London Queen’s Club £1,138,333 £1,140,167 0.2%
South East Stoke Park Country Club £346,099 £825,000 138.4%
London Roehampton Club £719,965 £732,199 1.7%
South East Pit Farm Tennis Club £515,186 £701,944 36.3%
South East Halton Tennis Centre £415,783 £642,917 54.6%
East Midlands The Leicestershire Tennis and Squash Club £201,336 £305,142 51.6%


Game, set and match

Alex Gosling, CEO of online agents, noted, ‘most of us have more chance of winning a set-well maybe a game-against Andy Murray, than buying a property near the All England Lawn Tennis Club. However, property prices close to the Wimbledon Championships pale in comparison to average prices next to the Holland Park Lawn Tennis Club. Even if you combined the men’s and women’s winners cheques, they still wouldn’t cover the average price of a property in the area.’[1]


More to Wimbledon than the All England Club

Published On: June 30, 2015 at 2:48 pm


Categories: Landlord News

Tags: ,,

With all eyes on SW19 in arguably the most iconic fortnight in the British sporting calendar, property investors are looking past the Pimms, strawberries and Maria Sharapova to see the other side of Wimbledon.

Boasting large properties, good local schools and a picturesque village full of greenery, the south-west London hotspot offers a lot more than the All England Lawn Tennis Club.


As is the norm, desirable locations such as Wimbledon come at a hefty price. The average property price in the village is £745,516, equating to £157,403 more expensive than the average property cost in the capital. What’s more, prices have soared quicker than an Andy Murray ace, rising by £174,988 since 2010.[1]

‘There was a hiccup with the election but we have been busier since then,’ said Edward Foley, owner of Winkworth in the village. ‘Demand is good. We get a lot of interest from people in Battersea and Fulham. They come to Wimbledon because they get more for their money in terms of property. They also come for the greenery, space for parking and that country feel,’ he added.[2]

At present, the most-costly streets in Wimbledon are Highbury Road and Parkside Avenue, where prices will set purchasers back a cool £6,249,116 and £6,145,871 respectively. Perhaps Mr Djokovic will be interested to know that the highest-value property currently on the market in Wimbledon Village is a seven-bed mansion, for £8,850,000. You cannot be serious?

Changing dynamic

The buyer landscape in SW19 is changing. British buyers still make up the bulk of the interested parties but there are a number of overseas investors looking to capitalise in the thriving market. Potential investors from nations such as Russia, India and China are said to looking into buying property in the area.

‘There is an increasing proportion of overseas buyers in the area,’ explains John Keeble, associate director of Hamptons International. ‘We have a lot of Chinese coming in and they’re interested in both houses and flats. We also have Norwegians, Germans and 2 per cent of the population is from South Africa. It’s a bit of everything.’[3]

Mr Foley noted that, ‘if you go to certain parts of the world, most people have heard of Wimbledon. It is world famous for tennis so overseas buyers feel comfortable with it. A lot of foreign buyers view buying a property in Wimbledon as a long-term investment but use it for immediate occupation. Overseas interest in Wimbledon has greater in the last six months.’[4]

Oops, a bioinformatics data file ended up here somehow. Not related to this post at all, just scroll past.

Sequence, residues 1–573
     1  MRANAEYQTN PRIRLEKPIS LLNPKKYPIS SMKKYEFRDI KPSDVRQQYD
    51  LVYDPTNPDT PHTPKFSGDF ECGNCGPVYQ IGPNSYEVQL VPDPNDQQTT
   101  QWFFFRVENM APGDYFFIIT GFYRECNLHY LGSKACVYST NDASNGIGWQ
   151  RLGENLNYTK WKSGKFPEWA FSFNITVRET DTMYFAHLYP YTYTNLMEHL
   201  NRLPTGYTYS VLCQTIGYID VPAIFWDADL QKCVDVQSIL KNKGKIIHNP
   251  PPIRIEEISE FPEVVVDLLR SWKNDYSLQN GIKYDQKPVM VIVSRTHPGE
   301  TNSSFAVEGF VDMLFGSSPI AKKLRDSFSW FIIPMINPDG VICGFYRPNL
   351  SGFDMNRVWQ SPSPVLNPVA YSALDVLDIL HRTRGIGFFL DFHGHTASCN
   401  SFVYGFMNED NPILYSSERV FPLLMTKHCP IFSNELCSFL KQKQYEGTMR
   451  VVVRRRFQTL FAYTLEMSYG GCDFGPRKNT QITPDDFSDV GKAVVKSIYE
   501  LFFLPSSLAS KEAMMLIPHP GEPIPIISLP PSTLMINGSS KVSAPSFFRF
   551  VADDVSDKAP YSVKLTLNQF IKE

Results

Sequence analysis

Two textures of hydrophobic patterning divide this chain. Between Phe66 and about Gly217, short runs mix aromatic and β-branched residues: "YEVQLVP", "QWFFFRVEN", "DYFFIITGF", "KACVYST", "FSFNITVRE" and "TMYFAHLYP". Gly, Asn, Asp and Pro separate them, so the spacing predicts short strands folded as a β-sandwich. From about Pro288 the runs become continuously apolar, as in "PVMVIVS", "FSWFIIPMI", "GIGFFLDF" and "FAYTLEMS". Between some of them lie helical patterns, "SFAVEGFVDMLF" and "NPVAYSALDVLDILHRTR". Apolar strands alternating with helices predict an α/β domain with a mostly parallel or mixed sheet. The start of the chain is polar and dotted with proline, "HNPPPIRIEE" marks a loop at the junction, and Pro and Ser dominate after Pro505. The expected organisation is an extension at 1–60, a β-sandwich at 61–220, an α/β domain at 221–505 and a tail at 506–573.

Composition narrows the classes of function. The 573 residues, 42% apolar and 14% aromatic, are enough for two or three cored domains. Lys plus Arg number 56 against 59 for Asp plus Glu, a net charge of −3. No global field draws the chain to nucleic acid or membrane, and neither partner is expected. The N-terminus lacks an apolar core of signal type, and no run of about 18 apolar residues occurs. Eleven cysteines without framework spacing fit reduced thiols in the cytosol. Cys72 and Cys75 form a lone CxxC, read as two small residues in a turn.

More to Wimbledon than the All England Club

More to Wimbledon than the All England Club

Short-term opportunity

During the two weeks of the tournament, there are many opportunities for short-term lets. A growing number of homeowners are renting out their homes for the duration of the Championships, choosing to go on holiday, often paid for by rent being gained by the tennis fans letting their home.

Nicola Clark, lettings manager of John D Wood and Co’s Southfields branch, commented that, ‘in general, ‘the pricing for a short term let is higher than a long let. For the Wimbledon season, tenants expect all facilities to be provided in the property, including fully equipped, fully furnished rooms. This will even include crockery and bedding/linens, with bills included as well as satellite television and maid service.’[5]

She continued by saying, ‘typically, the lets are only for the two weeks of Wimbledon itself. Short-term lets during Wimbledon remain constant, as both players and visitors alike often prefer a real home to a hotel environment.’[6]


Demand for property in Wimbledon’s less illustrious neighbor Southfields is also on the rise. Prices in the town are now averaging £629,010, an increase of £156,188 over the last five years.[7]

Head of Sales for John D Wood & Co in Southfields Jonathan Loneysaid, ‘Southfields has long been a hidden gem, found more by accident than design, by buyers looking in the more established areas of Putney and Wimbledon. As demand in London has continued to outstrip supply, Southfields has suddenly found itself on more and more purchasers’ radars. Offering a great community feel with the green spaces of Wimbledon Park, great local shops and prominent schools, this popularity is bound to continue to grow.’[8]

Continuing, Loney stated, ‘the post-election bounce in Southfields is leading to higher sale prices and there are certainly good signs that prices are likely to steady increase in the next year to eighteen months.’ He feels that, ‘the Southfields Grid with its family Edwardian homes, is still the area of choice. However, there is also increasing demand for family homes in the Pulborough Triangle – an area of five roads just down from the station – and ‘Gardens’ area of Southfields – Gartmor GardensSouthdean Gardens and Kingscliffe Gardens, next to Wimbledon Park, which are seeing increases in popularity.[9]

All in all then, Wimbledon and its neighbours offer a clean winner of a property market.